Apprenticeships, Higher education

£40m fund launched to fix ‘market failures’ in degree apprenticeships

Unlike previous funds, providers new to degree apprenticeships can bid for a slice

Unlike previous funds, providers new to degree apprenticeships can bid for a slice

28 Sep 2023, 13:29

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Bidding is open for a £40 million fund to address “market failures” in the government’s flagship degree apprenticeship programme.

The Office for Students is seeking projects that will improve take-up of level 6 degree apprenticeships and “address equality of opportunity”.

Ministers were urged to get a grip on access to degree apprenticeships last year as research by the social mobility charity the Sutton Trust found the “middle-class grab” on opportunities was getting worse.

This comes on top of £8 million that has already been allocated to over 100 existing degree apprenticeship providers this year to develop their provision.

To be eligible for the new fund, providers must be registered with the Office for Students under their approved (fee cap) category, but they don’t have to be currently delivering degree apprenticeships. 

Robert Halfon, minister for skills, apprenticeships and higher education, said: “Expanding degree apprenticeships is crucial if we are to build a skills and apprenticeships nation that is fit for the future.

“This extra £40 million will allow even more people to benefit, and I am delighted that the OfS has asked universities ands colleges to show how their projects will create more opportunities for people from disadvantaged backgrounds as part of their bids for this funding.”

Bids for the first wave of funding, for projects running up to July 2024, open today and close on November 20, 2023.

Addressing ‘market failures’

According to OfS analysis, of the 343 higher education providers registered in their approved (fee cap) category, 240 were also registered on the apprenticeship provider and assessment register (APAR), formerly known as the register of apprenticeship training providers.

Of the 240, just 99 providers had recorded any degree apprenticeship starts, which the regulator describes as a “market failure”.

“We consider that the relatively small proportion of registered providers currently delivering degree apprenticeship starts represents a market failure. We wish to address this by using our funding to incentivise providers to begin delivery of degree apprenticeships,” OfS funding guidance said.

And although the number of degree apprentices doubled from 6,920 in 2019/20 to 13,510 in 2020/21, the OfS reports that most of that growth was seen in just 24 providers. 

This “uneven and slow” growth was also described as “market failure”.

Fixing ‘middle-class grab’

DfE ministers have consistently lauded the degree apprenticeships programme in recent years, but it has been criticised for providing opportunities for already well-qualified people. 

The Sutton Trust reported in December that degree apprenticeships were more socially exclusive than the traditional university route. They found that only 5 per cent of those starting a degree apprenticeship in 2020/21 were from lower-income areas, compared with 6.7 per cent of those going to university.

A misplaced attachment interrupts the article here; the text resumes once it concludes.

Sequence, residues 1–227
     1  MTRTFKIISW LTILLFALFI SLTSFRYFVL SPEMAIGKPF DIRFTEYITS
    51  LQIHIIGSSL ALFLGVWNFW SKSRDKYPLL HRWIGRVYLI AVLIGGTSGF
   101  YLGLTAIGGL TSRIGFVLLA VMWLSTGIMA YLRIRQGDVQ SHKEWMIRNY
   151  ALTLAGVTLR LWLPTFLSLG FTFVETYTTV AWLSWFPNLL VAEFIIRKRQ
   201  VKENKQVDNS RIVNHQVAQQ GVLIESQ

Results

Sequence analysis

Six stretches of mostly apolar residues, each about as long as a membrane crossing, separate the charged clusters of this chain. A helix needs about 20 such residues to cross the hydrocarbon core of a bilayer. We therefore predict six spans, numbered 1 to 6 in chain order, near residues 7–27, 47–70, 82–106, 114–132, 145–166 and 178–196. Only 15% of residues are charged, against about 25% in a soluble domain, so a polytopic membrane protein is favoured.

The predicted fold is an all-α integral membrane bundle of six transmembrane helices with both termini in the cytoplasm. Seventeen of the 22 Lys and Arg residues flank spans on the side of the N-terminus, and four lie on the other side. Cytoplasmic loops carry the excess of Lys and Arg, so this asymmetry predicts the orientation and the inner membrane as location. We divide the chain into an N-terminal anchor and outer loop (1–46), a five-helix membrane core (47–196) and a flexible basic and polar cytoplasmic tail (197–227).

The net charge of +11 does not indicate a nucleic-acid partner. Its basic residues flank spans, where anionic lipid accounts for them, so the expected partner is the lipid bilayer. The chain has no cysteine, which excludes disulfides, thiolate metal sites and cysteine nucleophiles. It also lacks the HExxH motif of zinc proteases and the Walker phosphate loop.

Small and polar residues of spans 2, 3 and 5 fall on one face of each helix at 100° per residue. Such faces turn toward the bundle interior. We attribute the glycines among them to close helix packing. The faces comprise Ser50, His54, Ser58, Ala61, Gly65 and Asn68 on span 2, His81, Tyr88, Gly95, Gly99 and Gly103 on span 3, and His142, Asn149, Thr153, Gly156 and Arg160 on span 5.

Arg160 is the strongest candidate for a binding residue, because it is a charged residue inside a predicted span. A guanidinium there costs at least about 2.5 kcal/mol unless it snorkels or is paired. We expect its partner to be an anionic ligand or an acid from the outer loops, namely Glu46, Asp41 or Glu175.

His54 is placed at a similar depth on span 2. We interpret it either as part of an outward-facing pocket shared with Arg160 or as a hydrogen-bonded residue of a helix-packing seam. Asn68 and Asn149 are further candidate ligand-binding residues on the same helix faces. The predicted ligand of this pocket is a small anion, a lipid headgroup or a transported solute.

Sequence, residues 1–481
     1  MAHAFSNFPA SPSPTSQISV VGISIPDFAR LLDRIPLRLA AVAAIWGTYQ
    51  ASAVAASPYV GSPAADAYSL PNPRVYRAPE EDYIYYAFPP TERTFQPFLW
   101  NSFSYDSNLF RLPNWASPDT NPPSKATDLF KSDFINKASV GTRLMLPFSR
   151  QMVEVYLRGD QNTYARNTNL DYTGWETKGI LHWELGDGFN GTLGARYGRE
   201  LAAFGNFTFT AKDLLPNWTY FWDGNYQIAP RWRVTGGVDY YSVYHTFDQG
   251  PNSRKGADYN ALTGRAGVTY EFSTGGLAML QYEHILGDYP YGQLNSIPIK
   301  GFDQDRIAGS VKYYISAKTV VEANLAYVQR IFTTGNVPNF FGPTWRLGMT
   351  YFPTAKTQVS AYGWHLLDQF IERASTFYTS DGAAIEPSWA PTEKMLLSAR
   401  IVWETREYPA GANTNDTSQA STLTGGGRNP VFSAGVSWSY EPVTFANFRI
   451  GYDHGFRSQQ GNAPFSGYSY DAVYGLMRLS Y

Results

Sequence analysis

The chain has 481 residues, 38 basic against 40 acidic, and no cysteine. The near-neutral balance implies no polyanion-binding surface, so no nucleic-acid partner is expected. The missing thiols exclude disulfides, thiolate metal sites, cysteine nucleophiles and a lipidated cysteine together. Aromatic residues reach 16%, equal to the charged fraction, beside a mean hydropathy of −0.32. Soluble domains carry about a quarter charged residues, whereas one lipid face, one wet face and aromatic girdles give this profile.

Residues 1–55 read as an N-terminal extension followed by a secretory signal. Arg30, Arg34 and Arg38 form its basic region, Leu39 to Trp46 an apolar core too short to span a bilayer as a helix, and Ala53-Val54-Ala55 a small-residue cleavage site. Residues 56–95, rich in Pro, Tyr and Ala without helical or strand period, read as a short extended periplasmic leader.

The OfS said it wants to fund projects that target students who are least likely to access higher education. 

Using their associations between characteristics of students (ABCS) measure, the OfS found that 50 per cent of degree apprentices that started in 2021/22 were in the top two quintiles of people who are more likely to access higher education. 

Projects should target students that are under 21, have a disability, are from under-represented ethnic groups and come from the two lowest quintiles by the index of multiple deprivation. 

Currently, just 30 per cent of degree apprentices are under 21 years old, 12 per cent recorded a disability and 86 per cent are from a white ethnic background.

Waves and strands

To be in with a chance of winning funding, providers have to bid under one of two strands in three funding waves.

Strand one of the fund is for providers that are already delivering level 6 degree apprenticeships but with low take-up. Projects in this strand should increase starts on apprenticeship standards already being delivered and begin delivery of new standards.

Strand two is for providers that are new to delivering level 6 degree apprenticeships to “expand provision of apprenticeship standards with currently lower uptake among providers”.

Across both strands, the OfS expect projects to “increase equality of opportunity” in degree apprenticeships.

Eligible providers can compete for funding in three waves. Wave one, for projects that run until July 2024, and wave two, for projects that run until July 2025, open for bids today. Wave three will open in May 2024.

A total of £16 million is available in wave one and £24 million is available for waves two and three.

Providers have until November 20 to bid into wave one and December 19 for wave two.

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  1. I think the term ‘middle class grab’ is a little misleading.

    It infers that individuals are responsible and gobbling up the opportunities, so other more disadvantaged individuals get shut out.

    But the data shows that a large proportion of degree level apprenticeships are by existing staff members, who tend to be older, in more senior roles and because of that, less diverse.

    I very much doubt that those staff were pressing their employees to do an apprenticeship, it’s more likely to be businesses recouping their levy spend in the easiest way possible, maybe even dressing it up as a benefit in lieu of wage increases.

    Perhaps less a case of ‘market failure’ and more of ‘policy shortsightedness’.